This leaves out the fact that the Hausa language has borrowed extensively from Arabic. Its numeral system is almost exclusively Arabic. A study of other languages in Nigeria would reveal the great extent to which they have borrowed words from one another, as well as from other tongues in surrounding regions.

The story of human civilization is but a story of innovation and being open to new ideas. No single culture could achieve the level of development it has today without learning a thing or two from other cultures.

 

Cultures that tended to either borrow a lot from others to add to their own innovations, or that grew in regions of competing cultures, tend to be the most advanced in the world today.

Some cultures are more advanced than others. Had the San people (Bushmen) remained roaming in Southern Africa without been conquered by the Bantus, who eventually created the mix of peoples found in Southern Africa today, great societies like those of the Zulus and Xhosas would have taken a much longer time to build.

 

The hunter-gatherer lifestyle of the San was simply no match for the agrarian and well-fed societies of the Bantus.


When Fela speaks of Africanization, I am left wondering. The term appears as meaningless as it is vague.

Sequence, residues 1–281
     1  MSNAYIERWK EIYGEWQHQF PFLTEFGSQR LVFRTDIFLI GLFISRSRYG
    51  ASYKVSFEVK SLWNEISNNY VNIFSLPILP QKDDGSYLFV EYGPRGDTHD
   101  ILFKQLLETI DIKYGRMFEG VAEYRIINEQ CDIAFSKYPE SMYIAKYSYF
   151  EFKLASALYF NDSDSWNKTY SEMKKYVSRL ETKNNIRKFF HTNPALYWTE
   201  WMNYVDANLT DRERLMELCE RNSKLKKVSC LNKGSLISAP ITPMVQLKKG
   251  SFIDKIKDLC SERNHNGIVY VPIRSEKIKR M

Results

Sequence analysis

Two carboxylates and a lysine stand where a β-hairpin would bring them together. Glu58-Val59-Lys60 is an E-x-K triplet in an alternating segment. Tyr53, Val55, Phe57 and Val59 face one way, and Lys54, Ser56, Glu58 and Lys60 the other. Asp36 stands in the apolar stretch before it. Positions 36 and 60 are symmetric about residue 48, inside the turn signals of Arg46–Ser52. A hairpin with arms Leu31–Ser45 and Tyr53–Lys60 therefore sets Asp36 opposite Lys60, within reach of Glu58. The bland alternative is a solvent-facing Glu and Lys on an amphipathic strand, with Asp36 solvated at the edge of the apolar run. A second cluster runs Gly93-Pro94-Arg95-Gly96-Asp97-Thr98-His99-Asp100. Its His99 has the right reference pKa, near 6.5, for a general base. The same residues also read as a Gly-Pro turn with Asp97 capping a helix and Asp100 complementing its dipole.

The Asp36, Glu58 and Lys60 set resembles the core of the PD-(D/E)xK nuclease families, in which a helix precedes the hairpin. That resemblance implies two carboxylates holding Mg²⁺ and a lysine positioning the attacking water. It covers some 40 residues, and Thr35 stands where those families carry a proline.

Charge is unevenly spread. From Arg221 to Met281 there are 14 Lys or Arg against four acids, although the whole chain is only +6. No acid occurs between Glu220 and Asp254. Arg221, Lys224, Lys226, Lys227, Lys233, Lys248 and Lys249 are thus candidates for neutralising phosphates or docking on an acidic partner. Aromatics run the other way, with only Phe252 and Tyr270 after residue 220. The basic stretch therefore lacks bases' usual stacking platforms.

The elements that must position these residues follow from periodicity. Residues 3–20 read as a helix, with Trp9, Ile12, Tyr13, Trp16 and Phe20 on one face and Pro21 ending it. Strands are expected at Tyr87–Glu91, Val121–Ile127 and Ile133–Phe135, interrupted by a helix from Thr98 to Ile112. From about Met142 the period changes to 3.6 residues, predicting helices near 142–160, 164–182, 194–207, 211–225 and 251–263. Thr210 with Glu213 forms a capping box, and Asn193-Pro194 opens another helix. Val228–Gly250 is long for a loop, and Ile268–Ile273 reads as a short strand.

The inextricable link between say Nigeria and the rest of the world by the 1970s, had come to mean that no single society could chose to remain in isolation while at the same time, wanting to be considered as a part of the modern world.

 

If people fancy Anglo-Saxon names, so be it. After all, the so-called indigenous names were created by other people. If people choose to put on American jeans and T-shirts, let them be. These outfits are much simpler than the elaborate Nigerian traditional clothing, a great deal of which are better suited for ceremonial occasions.

Rather than complaining about cultural invasion, societies need to think about how to reinvent themselves as the times change.

 

There will always be dominant and not-so-dominant cultures. Not even government legislation can prevent dominant cultures from being ever present. Under different guises, dominant cultures have a way of spreading their tentacles across the globe for the simple reason that they appeal to people.

As for what people choose to be called, that should be up to them. In Hausa Northern Nigeria, most people go by Arabic names—which have more or less become indigenous names.

 

Most Yorubas in the South-West still answer names of Yoruba origin, most of which have deep meaning. Strolling down to Cross River and Akwa-Ibom states in the South-East, first names of English origin tend to be all too common.

 

And if one wants to go deeper in history, one would find that a lot of the so-called English names of Biblical origin are nothing but Anglicized forms of Jewish or Greek names.

 

Some of these names may have had their initial roots on the African continent thousands of years ago!

 

Chippla Vandu is a Nigerian academic and writer. He blogs as Chippla.

 

Do you think that the late Fela Kuti was right to emphasized Africanization and a rejection of Western values or do you agree with Vandu's assertion that African culture should openly embrace elements of Western culture?

 

Join the debate, please e-mail your views to comments@thenewblackmagazine.com